Dutch rehab sector in financial problems (still)

In 2019 we gave an overview of the Dutch rehab sector. Back then the sector was loss-making for the second year in a row. The situation has not improved since then. A recent study highlights that all seventeen (down one since 2019 due to a merger) Dutch medical rehabilitation clinics will be loss-making in 2022. The losses are due to inflation, increased staff costs, higher energy costs, etc. According to the sector, the healthcare insurance companies will need to structurally increase tariffs. However, the initial response from the insurance companies is not positive.

The sector appears to be in structural problems due to the structure and level of tariffs paid and competition from other types of providers (physiotherapists, small specialized clinics, etc.) The sector plays an important role in decreasing congestion in hospitals and helping patients get back to normal lives. However, the financial problems are structural and it does not appear that the sector and the insurance companies are any closer to agreeing on how to move forward than three years ago.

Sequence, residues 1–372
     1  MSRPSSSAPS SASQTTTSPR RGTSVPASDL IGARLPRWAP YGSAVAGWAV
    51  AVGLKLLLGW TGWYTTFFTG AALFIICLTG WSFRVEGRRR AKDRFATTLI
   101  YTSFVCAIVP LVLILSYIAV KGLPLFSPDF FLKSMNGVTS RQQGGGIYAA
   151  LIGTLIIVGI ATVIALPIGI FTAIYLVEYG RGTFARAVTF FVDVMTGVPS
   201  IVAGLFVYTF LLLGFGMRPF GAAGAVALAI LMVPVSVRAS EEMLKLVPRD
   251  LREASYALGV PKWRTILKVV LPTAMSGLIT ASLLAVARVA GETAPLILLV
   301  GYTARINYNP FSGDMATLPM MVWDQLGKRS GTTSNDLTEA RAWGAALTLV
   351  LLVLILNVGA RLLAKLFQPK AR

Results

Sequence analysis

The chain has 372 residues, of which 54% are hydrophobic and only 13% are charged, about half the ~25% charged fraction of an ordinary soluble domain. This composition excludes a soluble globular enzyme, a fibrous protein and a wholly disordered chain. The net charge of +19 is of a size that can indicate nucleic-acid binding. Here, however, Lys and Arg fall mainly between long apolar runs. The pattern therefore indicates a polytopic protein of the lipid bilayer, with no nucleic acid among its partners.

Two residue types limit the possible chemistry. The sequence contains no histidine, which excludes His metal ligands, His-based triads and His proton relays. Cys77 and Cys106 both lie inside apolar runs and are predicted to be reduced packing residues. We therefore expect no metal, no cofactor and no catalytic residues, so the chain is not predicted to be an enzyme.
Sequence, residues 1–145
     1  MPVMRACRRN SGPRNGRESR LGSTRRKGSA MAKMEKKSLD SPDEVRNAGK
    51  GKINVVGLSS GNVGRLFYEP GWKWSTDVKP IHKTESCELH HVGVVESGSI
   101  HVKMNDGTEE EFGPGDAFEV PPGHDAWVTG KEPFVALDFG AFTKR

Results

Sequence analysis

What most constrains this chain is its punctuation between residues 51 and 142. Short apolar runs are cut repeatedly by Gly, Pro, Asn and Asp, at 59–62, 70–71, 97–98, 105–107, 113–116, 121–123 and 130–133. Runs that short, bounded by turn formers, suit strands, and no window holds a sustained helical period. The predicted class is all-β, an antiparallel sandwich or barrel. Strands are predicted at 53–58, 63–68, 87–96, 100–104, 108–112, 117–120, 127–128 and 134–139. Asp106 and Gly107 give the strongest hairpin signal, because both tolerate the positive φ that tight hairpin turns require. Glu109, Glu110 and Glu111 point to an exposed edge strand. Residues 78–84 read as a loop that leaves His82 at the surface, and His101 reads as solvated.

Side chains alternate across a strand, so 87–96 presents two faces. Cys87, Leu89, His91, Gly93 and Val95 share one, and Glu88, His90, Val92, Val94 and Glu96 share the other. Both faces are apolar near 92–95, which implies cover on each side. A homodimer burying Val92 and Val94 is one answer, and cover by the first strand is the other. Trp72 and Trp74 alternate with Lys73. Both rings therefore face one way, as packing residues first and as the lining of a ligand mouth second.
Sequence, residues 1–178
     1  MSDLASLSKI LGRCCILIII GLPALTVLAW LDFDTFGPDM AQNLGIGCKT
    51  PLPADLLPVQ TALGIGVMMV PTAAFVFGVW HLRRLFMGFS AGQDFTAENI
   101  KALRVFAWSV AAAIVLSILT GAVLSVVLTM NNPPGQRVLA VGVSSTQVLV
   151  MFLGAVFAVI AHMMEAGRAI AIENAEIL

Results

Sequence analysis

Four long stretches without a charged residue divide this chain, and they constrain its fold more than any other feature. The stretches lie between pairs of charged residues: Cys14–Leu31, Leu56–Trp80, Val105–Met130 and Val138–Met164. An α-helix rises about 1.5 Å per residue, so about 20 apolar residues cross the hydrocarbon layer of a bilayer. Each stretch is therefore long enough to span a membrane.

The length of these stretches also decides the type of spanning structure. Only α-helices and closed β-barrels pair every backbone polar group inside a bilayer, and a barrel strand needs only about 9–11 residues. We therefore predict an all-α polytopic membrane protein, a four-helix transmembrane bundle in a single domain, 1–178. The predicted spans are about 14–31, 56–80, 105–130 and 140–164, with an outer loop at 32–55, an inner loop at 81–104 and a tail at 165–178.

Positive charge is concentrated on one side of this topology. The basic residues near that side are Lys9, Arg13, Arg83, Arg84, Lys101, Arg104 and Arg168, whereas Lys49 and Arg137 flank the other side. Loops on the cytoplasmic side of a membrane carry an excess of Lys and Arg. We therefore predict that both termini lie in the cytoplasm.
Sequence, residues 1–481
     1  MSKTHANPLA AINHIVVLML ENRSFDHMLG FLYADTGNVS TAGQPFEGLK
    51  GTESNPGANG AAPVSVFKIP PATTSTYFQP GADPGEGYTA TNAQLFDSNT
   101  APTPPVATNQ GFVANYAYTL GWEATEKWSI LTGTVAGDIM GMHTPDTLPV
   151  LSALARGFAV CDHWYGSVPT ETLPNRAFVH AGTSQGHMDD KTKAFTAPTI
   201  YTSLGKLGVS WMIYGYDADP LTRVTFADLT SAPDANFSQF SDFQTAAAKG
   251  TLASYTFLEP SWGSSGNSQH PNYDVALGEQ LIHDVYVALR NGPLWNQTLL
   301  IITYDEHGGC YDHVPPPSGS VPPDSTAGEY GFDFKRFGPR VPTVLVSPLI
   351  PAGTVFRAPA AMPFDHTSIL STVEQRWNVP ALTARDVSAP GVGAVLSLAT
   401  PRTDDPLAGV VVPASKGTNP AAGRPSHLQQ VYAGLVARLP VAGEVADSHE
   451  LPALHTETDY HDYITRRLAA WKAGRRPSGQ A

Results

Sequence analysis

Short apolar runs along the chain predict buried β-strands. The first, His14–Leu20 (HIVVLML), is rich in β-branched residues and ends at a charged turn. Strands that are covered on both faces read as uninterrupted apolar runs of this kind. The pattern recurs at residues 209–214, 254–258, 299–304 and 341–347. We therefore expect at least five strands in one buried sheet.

Disabled care sector has passed through the corona-years successfully

A recent analysis by Verstegen Accountants and Intrakoop analyses the financial results of the disabled care sector in 2021 (the core corona-year). The analysis covers 232 companies providing disabled care with annual revenues higher than €1 million. Total revenues in the sector grew by 3.4% to €10.7 billion. The growth in revenues is partly due to growth in number of clients (0.9%) and days of care provided (1.9%). Remaining increases in revenues is due to higher tariffs and corona-related payments from the government and healthcare insurance companies.